With many of the new and overhyped Web-service applications claiming to simplify application integration, many pundits predicted the demise of EAI software. What has been underestimated is the critical need for heavy-duty business process integration, data management, scalability and security capabilities. EAI allows for real-time decision-making due to the fact that it aids in the automation of business processes. By integrating historical data, decision makers are provided one point of access to the knowledge to make an informed decision.
Web offerings lack the process management and transaction integrity that are the key ingredients EAI and ETL tools provide to ensure proper integration. Developers by nature are trained to provide functionality, but less security and integration. We saw this breakdown in the early days of learning management system (LMS) implementations. A high percentage of early implementations lacked EAI and ETL capabilities, creating a poor integration success rate. Product claims were not met, customers were frustrated, and the utility of the application was put into question. Until the LMS product functionality was standardized and integrators employed EAI and ETL tools, integrations were very hit-or-miss.
Due the thrust of Web applications, EAI and ETL tools have become integral parts of a company’s strategic technology plan. For example, 18 months after installing an EAI server, a leading insurance company connected more than 25 systems with its EAI tool. The company was able to disable the legacy interface, but leave the back end intact. EAI was able to alleviate the pain of migrating to a new system. Leading vendors such as BEA Systems, IBM, TIBCO Software and SeeBeyond Technology now offer a full cadre of Web-service interfaces in addition to the proprietary adapters they offer for legacy systems and enterprise applications. As you may already have deduced, Web applications have actually increased the demand for EAI software. Web services and EAI are now viewed as complementary. In addition, pricing of EAI and ETL tools has fallen, giving them broader affordability and appeal.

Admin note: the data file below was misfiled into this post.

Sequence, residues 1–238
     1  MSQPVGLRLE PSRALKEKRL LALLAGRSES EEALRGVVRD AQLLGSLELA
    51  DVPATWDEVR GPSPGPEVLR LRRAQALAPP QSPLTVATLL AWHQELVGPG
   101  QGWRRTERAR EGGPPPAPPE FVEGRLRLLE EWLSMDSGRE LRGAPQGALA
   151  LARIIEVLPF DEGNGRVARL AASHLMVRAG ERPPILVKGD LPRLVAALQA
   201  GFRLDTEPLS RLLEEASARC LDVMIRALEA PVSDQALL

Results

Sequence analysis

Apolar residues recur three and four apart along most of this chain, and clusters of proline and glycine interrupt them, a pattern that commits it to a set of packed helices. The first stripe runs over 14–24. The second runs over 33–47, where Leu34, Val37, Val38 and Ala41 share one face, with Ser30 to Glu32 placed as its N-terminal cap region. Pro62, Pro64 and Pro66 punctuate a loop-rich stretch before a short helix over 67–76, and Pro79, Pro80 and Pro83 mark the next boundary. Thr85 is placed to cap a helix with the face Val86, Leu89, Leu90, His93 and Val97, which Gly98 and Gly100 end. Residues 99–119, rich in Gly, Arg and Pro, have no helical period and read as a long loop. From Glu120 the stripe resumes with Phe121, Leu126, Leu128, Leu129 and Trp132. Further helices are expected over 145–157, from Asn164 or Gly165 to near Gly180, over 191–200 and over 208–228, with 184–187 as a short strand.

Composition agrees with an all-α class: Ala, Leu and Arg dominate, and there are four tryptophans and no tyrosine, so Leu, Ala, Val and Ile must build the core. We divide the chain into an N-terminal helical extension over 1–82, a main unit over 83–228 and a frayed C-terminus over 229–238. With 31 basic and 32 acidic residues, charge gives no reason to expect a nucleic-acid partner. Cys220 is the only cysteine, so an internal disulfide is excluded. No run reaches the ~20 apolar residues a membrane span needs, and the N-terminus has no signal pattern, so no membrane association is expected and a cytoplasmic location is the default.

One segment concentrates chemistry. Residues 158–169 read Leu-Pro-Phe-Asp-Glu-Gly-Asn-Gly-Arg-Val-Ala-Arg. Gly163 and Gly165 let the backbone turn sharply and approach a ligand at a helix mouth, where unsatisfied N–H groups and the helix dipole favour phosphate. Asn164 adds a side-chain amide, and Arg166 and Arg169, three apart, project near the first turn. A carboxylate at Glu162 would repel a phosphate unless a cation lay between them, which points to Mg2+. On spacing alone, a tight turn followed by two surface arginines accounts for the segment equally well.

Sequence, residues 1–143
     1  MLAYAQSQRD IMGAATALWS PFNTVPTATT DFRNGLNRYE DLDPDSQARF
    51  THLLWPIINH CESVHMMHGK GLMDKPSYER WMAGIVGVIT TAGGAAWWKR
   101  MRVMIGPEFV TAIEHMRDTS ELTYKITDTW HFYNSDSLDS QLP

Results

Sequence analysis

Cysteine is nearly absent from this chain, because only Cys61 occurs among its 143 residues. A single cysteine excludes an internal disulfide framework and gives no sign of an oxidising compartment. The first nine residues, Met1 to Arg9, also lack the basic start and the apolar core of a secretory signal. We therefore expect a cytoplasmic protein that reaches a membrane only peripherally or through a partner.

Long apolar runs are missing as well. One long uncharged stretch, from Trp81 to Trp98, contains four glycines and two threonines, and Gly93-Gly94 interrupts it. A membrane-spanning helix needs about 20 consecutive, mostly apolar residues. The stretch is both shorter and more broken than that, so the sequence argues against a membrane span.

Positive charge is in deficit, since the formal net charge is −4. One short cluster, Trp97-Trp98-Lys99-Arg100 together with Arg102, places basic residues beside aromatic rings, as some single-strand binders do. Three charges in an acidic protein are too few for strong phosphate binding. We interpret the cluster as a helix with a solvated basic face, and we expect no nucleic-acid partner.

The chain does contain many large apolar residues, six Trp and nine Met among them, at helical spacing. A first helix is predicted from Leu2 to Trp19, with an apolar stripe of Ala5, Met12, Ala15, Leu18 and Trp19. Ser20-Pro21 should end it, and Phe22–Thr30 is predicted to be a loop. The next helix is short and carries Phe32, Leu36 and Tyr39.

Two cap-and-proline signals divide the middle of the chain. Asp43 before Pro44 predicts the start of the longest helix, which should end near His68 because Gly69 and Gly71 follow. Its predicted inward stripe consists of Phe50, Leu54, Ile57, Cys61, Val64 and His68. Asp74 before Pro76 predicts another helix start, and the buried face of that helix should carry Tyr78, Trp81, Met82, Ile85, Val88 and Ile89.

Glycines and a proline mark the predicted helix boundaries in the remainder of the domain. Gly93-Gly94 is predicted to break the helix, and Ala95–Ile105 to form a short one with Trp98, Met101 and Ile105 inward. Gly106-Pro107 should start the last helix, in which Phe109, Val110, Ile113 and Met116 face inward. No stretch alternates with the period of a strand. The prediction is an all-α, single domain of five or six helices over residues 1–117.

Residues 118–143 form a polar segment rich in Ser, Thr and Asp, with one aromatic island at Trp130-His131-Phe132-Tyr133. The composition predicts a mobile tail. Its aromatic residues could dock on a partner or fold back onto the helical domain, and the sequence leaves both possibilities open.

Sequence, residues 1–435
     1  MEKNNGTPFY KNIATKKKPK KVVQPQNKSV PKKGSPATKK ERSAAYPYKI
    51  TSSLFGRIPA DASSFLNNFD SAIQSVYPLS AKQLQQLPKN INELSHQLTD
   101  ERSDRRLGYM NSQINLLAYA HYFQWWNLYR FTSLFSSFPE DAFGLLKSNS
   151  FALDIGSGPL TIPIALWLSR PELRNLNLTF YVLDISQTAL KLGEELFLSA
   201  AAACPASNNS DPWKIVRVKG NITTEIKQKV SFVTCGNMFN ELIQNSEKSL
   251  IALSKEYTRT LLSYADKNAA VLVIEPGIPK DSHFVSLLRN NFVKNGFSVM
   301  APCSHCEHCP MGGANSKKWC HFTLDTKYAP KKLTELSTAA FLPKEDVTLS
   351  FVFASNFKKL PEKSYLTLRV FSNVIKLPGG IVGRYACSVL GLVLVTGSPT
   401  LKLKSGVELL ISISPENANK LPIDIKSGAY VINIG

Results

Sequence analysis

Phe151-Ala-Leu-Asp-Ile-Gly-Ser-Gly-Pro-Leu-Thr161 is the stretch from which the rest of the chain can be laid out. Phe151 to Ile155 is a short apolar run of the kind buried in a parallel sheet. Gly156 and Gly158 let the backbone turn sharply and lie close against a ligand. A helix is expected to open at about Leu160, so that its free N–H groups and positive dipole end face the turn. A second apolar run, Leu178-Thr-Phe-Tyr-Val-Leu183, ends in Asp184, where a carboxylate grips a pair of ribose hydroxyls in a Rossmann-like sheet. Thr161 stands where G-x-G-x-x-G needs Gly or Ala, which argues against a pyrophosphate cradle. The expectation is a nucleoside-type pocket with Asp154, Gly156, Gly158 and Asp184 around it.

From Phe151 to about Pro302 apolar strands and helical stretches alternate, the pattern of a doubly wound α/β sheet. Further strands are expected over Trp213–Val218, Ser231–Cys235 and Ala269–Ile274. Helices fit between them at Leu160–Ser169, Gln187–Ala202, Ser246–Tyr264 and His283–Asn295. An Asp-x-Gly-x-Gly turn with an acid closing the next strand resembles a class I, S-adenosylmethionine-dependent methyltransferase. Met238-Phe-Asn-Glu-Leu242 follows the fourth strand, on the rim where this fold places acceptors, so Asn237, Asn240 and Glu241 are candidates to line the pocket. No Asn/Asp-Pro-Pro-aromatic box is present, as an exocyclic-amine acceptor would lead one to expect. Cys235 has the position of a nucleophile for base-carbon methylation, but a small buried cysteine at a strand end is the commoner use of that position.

Key to note is that there is not one “magic” EAI tool. You must find the right tool for your knowledge management system. EAI is very process-centric, which limits the use of a universal application. Also, make sure your EAI tools are based on industry standards, such as EDI (Electronic Data Interchange) and HIPAA (Health Insurance Portability and Accountability Act), depending on the use and industry. The HIPAA mandate has provided a fertile market for vendors to address. Health-care providers must integrate vast amounts of data and applications due to government legislation. With specific requirements for how information is to be passed back and forth to a provider, EAI and ETL tools are a must in order to achieve compliance. Integration points vary from the front end to clinical, claims and reimbursement.
With smoother data transfer and integration, knowledge management deployment will continue to gain momentum in the marketplace. Moreover, out-of-the-box LMS, business process management (BPM), collaboration and customer relationship management (CRM) applications will further ease integration issues.
Peter L. Martin, CFA, is an author and consultant, providing in-depth coverage of the knowledge services industry. For more information, e-mail Peter at email@example.com.
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